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Even though miscarriages are a fairly common experience, it is completely natural to feel a sense of loss. Some miscarriages take place before a woman even knows she’s pregnant, while others take place in later trimesters. Some of the most common signs of a miscarriage are abdominal cramping, back pain, and vaginal bleeding. Women also notice a discernible decrease in pregnancy symptoms due to hormonal changes, such as breast tenderness, nausea, and sensitivity to smell.

From a spiritual perspective, a miscarriage can feel like a devastating loss, but it is important to be content with Allah’s decree and to seek reward through patience and steadfastness. As believers, we understand that it is through adversity and trials that Allah draws us closer to Him and forgives us our shortcomings. At the same time, it’s important to reach out to a medical professional if the feelings are not something you can work through on your own.


The Fiqh of It

To understand and appropriately apply Islamic rulings related to a miscarriage, the first step is to determine the stage of fetal development. This, in turn, will determine whether the blood that exits from the vagina is classified as menstruation (hayd), irregular bleeding (istihada), or post-natal bleeding (nifas).

If a woman miscarries within the first 12 weeks and the embryo does not have any discernible human features, the blood will be either hayd or istihada. If 15 days from the end of her last menstruation have passed and the bleeding continues for at least 72 hours, it is hayd. If it has been less than 15 days, the blood is considered istihada. In order to pray, she will make sure her body and clothes are free of physical impurity, change her liner or pad, and perform ablution (wudu). If the blood flow is continuous, she may fall under the category of an excused person. In this situation of early embryonic development, the miscarried embryo will be wrapped in a cloth, if applicable, and buried. However, it will not be given a ritual bath (ghusl) or prayed over.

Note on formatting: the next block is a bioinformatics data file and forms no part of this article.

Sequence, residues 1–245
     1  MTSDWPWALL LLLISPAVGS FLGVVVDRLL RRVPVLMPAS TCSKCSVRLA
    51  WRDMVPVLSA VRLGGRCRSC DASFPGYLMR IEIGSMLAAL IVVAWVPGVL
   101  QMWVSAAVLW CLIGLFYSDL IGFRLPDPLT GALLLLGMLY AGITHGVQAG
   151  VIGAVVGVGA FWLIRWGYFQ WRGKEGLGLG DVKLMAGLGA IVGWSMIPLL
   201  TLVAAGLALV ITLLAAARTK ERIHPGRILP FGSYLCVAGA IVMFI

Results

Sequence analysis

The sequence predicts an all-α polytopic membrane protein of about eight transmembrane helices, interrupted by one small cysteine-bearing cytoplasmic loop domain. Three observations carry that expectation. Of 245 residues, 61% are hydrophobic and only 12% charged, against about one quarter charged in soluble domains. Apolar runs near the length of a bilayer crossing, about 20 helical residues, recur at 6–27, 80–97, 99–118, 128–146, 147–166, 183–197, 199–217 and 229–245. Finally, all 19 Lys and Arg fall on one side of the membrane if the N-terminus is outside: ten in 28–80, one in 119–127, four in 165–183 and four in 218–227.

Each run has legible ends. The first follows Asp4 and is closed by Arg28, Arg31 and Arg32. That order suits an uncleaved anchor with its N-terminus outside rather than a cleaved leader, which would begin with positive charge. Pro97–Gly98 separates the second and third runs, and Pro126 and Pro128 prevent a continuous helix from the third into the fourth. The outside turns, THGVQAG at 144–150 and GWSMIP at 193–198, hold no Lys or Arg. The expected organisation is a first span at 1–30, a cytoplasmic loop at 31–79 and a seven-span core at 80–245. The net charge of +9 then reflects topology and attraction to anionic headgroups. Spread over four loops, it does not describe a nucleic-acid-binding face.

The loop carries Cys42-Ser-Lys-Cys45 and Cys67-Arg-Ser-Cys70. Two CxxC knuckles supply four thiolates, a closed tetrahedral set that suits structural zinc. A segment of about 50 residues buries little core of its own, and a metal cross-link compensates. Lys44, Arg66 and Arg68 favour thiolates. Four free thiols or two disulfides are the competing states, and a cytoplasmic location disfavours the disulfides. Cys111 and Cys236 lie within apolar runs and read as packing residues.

If the fetus has discernible human features, such as fingernails, hair, or limbs, the bleeding will be considered nifas. If the baby dies before or during labour, it will be named, given ghusl, wrapped in a clean cloth, and buried. However, there is no funeral prayer (janaza). If the baby is born and cries, even once, and then passes away, the janaza will be prayed in addition to the above-mentioned.